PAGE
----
, Volume 20, Issue 11, pp 2795-2802
Date: 17 Feb 2012

Frequency of depression among oncology outpatients and association with other symptoms

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Depression occurs among an estimated 15% of cancer patients (range, 1–77.5%). Our main objective was to identify the frequency of reported depression by using the Brief Edinburgh Depression Scale (BEDS) among cancer outpatients. Our secondary objective was to identify associated symptoms of cancer using the Edmonton Symptom Assessment System (ESAS) and to evaluate the screening performance of depression between ESAS and BEDS.


In this multicenter prospective study conducted, we used the ESAS to collect information on nine symptoms: pain, fatigue, nausea, depression, anxiety, drowsiness, shortness of breath, lack of appetite, and feeling of well-being (each rated from 0 to 10). The BEDS was used to assess for “probable depression” (score >6). Data were analyzed using a parametric and nonparametric test.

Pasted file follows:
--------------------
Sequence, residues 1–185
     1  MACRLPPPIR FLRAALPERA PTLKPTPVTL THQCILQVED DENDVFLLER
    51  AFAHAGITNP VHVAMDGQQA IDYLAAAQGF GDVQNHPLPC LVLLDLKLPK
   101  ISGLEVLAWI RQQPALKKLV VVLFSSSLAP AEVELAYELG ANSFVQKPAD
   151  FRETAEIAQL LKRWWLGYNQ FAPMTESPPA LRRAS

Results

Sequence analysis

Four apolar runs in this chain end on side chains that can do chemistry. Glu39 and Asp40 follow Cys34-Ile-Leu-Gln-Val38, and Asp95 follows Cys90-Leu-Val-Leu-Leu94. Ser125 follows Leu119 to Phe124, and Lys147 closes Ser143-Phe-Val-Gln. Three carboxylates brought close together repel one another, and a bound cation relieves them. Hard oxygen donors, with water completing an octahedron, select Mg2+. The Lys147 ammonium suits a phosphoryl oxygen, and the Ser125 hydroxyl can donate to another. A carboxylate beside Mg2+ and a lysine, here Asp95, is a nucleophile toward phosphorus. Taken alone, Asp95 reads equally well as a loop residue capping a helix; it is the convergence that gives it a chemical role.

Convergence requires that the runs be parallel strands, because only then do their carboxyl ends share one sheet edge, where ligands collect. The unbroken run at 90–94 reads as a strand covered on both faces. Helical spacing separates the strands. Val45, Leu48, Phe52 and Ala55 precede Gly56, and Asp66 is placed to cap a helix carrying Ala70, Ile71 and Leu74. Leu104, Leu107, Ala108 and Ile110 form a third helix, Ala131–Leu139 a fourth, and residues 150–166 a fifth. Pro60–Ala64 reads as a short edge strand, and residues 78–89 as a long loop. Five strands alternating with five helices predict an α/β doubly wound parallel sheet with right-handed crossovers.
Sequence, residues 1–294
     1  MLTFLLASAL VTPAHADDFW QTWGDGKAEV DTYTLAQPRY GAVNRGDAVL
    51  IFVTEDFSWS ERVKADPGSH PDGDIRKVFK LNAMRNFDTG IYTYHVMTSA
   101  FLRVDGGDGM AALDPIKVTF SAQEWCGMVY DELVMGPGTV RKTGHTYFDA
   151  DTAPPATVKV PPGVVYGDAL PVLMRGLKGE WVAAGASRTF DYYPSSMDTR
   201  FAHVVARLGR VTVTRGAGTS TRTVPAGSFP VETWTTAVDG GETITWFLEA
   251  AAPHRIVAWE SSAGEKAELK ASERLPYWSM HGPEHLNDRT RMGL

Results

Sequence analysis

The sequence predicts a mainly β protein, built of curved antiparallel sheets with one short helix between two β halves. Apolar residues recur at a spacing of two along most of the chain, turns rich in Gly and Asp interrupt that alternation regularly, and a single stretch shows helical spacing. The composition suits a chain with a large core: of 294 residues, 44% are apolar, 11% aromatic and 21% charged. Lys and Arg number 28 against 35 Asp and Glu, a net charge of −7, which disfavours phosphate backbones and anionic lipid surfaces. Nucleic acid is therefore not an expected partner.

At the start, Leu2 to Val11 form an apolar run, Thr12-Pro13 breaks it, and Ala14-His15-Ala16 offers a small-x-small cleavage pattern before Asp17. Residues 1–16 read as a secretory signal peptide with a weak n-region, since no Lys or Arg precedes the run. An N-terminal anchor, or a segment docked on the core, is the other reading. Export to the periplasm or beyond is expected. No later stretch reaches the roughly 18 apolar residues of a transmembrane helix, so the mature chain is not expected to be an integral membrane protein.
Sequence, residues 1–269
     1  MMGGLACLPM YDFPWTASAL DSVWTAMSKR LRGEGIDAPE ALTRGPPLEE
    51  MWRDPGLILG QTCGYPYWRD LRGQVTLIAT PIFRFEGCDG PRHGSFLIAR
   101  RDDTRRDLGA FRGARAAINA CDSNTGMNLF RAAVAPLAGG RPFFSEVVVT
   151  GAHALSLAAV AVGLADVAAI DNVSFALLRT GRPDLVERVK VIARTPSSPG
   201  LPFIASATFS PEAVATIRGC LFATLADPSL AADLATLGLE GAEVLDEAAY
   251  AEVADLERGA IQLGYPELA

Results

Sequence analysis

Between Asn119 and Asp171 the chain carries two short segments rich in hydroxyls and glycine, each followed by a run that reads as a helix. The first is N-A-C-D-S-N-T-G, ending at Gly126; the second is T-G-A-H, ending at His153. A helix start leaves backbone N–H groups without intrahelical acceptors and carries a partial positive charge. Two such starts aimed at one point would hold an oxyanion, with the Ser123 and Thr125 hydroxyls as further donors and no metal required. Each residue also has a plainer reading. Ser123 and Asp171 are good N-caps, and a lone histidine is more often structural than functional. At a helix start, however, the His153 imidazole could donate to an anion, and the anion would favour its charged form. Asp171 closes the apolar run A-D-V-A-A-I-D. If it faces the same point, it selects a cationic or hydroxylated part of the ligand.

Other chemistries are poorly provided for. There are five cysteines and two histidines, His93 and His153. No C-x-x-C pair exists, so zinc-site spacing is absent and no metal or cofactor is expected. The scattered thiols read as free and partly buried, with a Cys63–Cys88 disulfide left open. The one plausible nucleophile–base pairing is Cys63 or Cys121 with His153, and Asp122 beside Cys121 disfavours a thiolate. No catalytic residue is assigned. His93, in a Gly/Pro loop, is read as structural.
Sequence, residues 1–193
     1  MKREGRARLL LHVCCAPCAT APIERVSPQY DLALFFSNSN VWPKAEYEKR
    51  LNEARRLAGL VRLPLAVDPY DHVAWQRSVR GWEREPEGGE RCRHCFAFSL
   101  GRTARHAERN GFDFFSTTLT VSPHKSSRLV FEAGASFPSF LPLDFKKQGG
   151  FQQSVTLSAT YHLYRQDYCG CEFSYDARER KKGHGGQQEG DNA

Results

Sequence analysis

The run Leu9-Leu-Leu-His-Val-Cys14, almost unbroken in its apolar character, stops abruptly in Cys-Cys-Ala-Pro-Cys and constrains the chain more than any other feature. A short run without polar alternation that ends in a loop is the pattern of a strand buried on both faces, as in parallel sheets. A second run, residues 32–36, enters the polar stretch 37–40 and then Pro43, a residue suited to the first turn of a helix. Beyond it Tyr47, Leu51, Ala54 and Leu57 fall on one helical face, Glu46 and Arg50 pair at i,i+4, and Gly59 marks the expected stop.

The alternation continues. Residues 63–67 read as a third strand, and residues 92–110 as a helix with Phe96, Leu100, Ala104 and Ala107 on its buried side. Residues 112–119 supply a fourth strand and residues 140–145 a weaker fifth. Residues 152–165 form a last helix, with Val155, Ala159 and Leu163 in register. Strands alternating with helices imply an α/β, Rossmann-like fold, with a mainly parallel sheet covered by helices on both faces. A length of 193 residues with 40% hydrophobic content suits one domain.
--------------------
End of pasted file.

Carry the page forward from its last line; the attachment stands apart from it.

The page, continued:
A total of 146 patients completed the study. The prevalence of probable depression was 43/146 (29%). Probable depression was associated with increased fatigue (p = 0.008), depression (p < 0.0001), anxiety (p < 0.0001), shortness of breath (p = 0.01), and decreased feeling of well-being (p < 0.001). Among patients with probable depression, 42 (98%) patients were not using antidepressants. Regarding the sensitivity and the specificity, we determined that the optimal cutoff for using the ESAS as a depression screening tool was ≥2.


We found significant associations between probable depression as determined with the BEDS and five symptoms as detected with the ESAS. The vast majority of patients with probable depression were not receiving pharmacological treatment. Depression should be suspected in patients with higher symptom distress as for any one of these 5 ESAS items.